Video | Business Headlines | Internet | Science | Scientific Ethics | Technology | Search

 


Northern-hemisphere fossil discovered living in New Zealand

Northern-hemisphere fossil discovered living in New Zealand

A marine animal thought to have been extinct for four million years has been found alive and well and living near Picton.

Called Protulophila, this new “living fossil” forms a network of tiny holes in the chalky tubes of marine worms called serpulids.

Fossil examples were discovered this year by a group of scientists including NIWA marine biologist Dr Dennis Gordon, Dr Paul Taylor of London’s Natural History Museum and Drs Lee Hsiang Liow, Kjetil Voje and Seabourne Rust of the University of Oslo. The scientists had been conducting fieldwork at Wanganui where they found Protulophila in a tubeworm from geologically young rocks less than a million years old.

This discovery alerted them to the possibility that the animal, previously unknown outside of Europe and the Middle East, might still be alive today in New Zealand.

It was thought to have been extinct for four million years following a long geological history extending back 170 million years into the Middle Jurassic period in Europe.

Scientists then examined tubeworms stored in NIWA’s Wellington-based Invertebrate Collection and discovered examples of preserved Protulophila that had previously been overlooked. The tubeworms had been collected in 2008 in 20 metres of water near Picton.

Finding tiny polyps with tentacles protruding from the network of holes confirmed what paleontologists had suspected, that Protulophila is a colonial hydroid related to corals and sea anemones. It is best seen through a microscope.

According to Dr Gordon, living fossils are animals and plants with long geological histories but which are now rare or uncommon.

“Finding living Protulophila is a rare example of how knowledge of fossils has led to the discovery of living biodiversity,” he said.

“It’s very exciting. Our detective work has also suggested the possibility that Protulophila may be the missing polyp stage of a hydroid in which only the tiny planktonic jellyfish stage is known. Many hydroid species have a two-stage life cycle and often the two stages have never been matched. Our discovery may thus mean that we are solving two puzzles at once.”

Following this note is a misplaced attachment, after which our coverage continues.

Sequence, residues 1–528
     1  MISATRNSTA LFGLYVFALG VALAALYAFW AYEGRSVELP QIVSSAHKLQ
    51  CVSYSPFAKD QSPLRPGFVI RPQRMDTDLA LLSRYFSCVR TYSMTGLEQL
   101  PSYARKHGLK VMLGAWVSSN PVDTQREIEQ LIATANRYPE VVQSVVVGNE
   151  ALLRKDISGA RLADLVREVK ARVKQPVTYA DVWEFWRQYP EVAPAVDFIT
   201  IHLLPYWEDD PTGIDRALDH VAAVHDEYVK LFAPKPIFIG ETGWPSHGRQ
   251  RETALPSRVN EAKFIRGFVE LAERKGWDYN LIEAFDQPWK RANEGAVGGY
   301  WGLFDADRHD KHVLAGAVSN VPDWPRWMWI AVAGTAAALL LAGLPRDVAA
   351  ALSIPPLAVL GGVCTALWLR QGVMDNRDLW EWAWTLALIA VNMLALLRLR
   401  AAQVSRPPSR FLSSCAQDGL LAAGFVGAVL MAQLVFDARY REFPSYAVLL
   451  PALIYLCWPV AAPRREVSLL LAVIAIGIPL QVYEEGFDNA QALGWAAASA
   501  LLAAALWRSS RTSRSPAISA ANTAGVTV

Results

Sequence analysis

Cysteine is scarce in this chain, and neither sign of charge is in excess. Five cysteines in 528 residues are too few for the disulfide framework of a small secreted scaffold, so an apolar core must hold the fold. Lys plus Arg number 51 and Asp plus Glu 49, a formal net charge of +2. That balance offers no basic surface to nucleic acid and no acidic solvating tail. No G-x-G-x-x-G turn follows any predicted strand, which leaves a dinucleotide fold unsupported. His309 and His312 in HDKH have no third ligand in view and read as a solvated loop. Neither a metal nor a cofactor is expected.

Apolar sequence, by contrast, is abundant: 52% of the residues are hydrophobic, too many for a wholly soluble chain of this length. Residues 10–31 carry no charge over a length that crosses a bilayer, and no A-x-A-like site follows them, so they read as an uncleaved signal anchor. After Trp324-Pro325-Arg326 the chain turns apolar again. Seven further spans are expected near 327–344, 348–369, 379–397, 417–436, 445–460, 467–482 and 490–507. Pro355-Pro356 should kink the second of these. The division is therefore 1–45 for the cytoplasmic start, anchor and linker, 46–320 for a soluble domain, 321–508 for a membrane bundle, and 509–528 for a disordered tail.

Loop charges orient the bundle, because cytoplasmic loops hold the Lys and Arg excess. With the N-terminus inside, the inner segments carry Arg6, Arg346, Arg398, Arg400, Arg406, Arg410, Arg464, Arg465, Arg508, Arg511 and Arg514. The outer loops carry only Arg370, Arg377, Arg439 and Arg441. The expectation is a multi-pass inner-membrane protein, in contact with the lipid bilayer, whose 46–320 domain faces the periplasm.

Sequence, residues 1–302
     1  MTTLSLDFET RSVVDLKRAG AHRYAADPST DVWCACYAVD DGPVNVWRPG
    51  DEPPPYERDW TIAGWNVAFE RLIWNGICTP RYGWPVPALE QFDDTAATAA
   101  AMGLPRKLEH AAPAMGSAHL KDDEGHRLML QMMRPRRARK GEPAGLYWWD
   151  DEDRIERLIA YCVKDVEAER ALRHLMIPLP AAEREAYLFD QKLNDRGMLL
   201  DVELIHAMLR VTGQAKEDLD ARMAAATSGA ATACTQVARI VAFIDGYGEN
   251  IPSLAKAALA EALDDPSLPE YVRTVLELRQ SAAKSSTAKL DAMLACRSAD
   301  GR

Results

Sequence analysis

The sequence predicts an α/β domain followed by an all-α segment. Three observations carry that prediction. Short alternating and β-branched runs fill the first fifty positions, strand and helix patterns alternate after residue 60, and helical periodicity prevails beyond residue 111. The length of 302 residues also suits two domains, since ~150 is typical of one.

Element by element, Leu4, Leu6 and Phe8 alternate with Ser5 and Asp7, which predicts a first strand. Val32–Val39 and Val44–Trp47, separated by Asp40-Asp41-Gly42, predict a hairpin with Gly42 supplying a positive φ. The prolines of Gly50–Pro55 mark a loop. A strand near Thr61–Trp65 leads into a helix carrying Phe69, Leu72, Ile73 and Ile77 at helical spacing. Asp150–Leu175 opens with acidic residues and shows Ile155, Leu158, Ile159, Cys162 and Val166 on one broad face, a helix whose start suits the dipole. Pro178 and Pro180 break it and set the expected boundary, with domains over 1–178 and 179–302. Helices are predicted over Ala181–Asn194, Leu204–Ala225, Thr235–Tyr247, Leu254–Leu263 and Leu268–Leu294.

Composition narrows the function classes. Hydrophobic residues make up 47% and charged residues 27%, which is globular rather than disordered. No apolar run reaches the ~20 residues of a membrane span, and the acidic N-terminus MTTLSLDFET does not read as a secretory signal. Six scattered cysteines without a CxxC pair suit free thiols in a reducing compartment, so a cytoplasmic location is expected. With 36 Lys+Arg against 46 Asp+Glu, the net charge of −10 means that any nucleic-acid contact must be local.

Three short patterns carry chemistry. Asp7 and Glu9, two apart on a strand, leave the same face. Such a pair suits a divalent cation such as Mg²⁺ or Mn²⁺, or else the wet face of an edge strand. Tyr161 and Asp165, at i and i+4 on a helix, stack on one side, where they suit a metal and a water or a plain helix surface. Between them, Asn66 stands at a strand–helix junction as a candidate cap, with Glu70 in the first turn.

The next step will be to collect fresh samples from Queen Charlotte Sound for gene sequencing.

ENDS

© Scoop Media

 
 
 
 
 
Business Headlines | Sci-Tech Headlines

 

Fossils: Ancient Penguins Lived Alongside Dinosaurs?

Penguins are much older than previously thought and their evolution probably dates back to the days of the dinosaurs, according to research on the fossilised leg bone and toes of a giant ancient penguin found in rocks near Waipara, North Canterbury. More>>

No Voda/Sky: Commission Declines Clearance For Merger

The Commerce Commission has declined to grant clearance for the proposed merger of Sky Network Television and Vodafone New Zealand. More>>

ALSO:

EARLIER:

Power: IEA Report On New Zealand's Energy System

Outside of its largely low-carbon power sector, managing the economy’s energy intensity and greenhouse gas emissions while still remaining competitive and growing remains a challenge. More>>

ALSO:

NASA: Seven Earth-Size Planets Around A Single Star

NASA's Spitzer Space Telescope has revealed the first known system of seven Earth-size planets around a single star. Three of these planets are firmly located in the habitable zone, the area around the parent star where a rocky planet is most likely to have liquid water. More>>

ALSO:

Auckland Transport Case: Men Guilty Of Corruption And Bribery Will Spend Time In Jail

Two men who were found guilty of corruption and bribery in a Serious Fraud Office (SFO) trial have been sentenced in the Auckland High Court today... The pair are guilty of corruption and bribery offences relating to more than $1 million of bribes which took place between 2005 and 2013 at Rodney District Council and Auckland Transport. More>>

ALSO:

Hager Raid: Westpac Wrong To Release Bank Records To Police

The Privacy Commissioner has censured Westpac Banking Corp for releasing without a court order more than 10 months of bank records belonging to the political activist and journalist Nicky Hager during a police investigation into leaked information published in Hager's 2014 pre-election book, 'Dirty Politics'. More>>

ALSO:

EARLIER:

Get More From Scoop

 
 
 
 
 
 
 
 
Sci-Tech
Search Scoop  
 
 
Powered by Vodafone
NZ independent news